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BONAMI performs two main tasks: (a) computation of background cross sections for all nuclides in each mixture in the system and (b) interpolation of shielded cross sections from the library values tabulated vs. background cross sections and temperature. The BONAMI calculation is essentially isolated from the computation of the tabulated shielded cross sections, which is performed by the AMPX processing code system—the only connection is through the definition of the background cross section used in processing the library values. Various approximations can be used to parameterize the flux spectrum in terms of a background XS, as required by the Bondarenko method. We will first consider several approaches to representing the flux in an infinite medium, which lead to different definitions of the background cross section. BONAMI’s use of equivalence theory to extend the homogeneous methods to address heterogeneous systems, such as reactor lattices, is discussed in the following section.

Parameterized Flux Spectra

Several approximations can be applied to the infinite medium transport equation to parameterize the flux spectrum in terms of a background XS, as required by the Bondarenko method. The resulting homogeneous spectra are used in AMPX to process MG cross sections which can also can be applied to heterogeneous systems (i.e., lattices) by using equivalence theory; thus the key step is determining approximations that provide parameterized solutions for homogeneous media. The neutron transport equation for a homogeneous medium at temperature T, containing a resonance nuclide r mixed with other nuclides can be expressed as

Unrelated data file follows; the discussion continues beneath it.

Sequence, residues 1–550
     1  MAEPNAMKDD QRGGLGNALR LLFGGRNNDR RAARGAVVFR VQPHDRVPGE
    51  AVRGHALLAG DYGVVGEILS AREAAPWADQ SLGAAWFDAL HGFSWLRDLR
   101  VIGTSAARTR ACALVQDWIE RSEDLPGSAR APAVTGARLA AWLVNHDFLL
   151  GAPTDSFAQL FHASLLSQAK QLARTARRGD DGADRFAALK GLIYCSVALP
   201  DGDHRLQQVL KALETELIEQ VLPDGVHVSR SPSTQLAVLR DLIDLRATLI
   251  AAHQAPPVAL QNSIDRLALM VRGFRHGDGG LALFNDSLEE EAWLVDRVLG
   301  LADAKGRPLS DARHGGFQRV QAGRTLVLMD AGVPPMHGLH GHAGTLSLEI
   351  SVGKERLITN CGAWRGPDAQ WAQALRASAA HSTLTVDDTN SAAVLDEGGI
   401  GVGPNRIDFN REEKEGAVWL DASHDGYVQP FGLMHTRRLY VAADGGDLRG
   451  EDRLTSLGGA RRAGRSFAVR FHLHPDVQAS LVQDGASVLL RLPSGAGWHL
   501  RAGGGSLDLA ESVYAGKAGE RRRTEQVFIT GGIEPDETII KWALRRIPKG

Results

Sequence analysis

Batson Iii committed Jan 19, 2021 153 (303)$\left( \Sigma _{\text{t}}^{\text{(r)}}\text{(E,T)}\ +\sum\limits_{j\ne r}  Batson Iii committed Nov 17, 2020 154 155 156 157 158 159 160 161 162 163 164 165 166 167 168 {\Sigma _{\text{t}}^{\text{(j)}}\text{(E,T)}} \right)\ \Phi \text{(E,T)}\ \,\,\,=\ \ \,{{\text{S}}^{\text{(r)}}}(\text{E,T})\ \,+\,\sum\limits_{j\ne r}{{{\text{S}}^{\text{(j)}}}(\text{E,T})} ,$

where $$\Sigma _{\text{t}}^{\text{(r)}}\text{(E,T)}$$ , $$\text{S}_{{}}^{\text{(r)}}\text{(E,T)}$$ are the macroscopic total XS and elastic scattering source for r, respectively; and $$\Sigma _{\text{t}}^{\text{(j)}}\text{(E,T)}$$, $$\text{S}_{{}}^{\text{(j)}}\text{(E,T)}$$ are the macroscopic total cross section and elastic source, respectively, for a nuclide j. The cross sections in all these expressions are Doppler-broadened to the temperature of the medium. The nuclides in the summations (i.e., all nuclides except r) are called background nuclides for the resonance absorber r.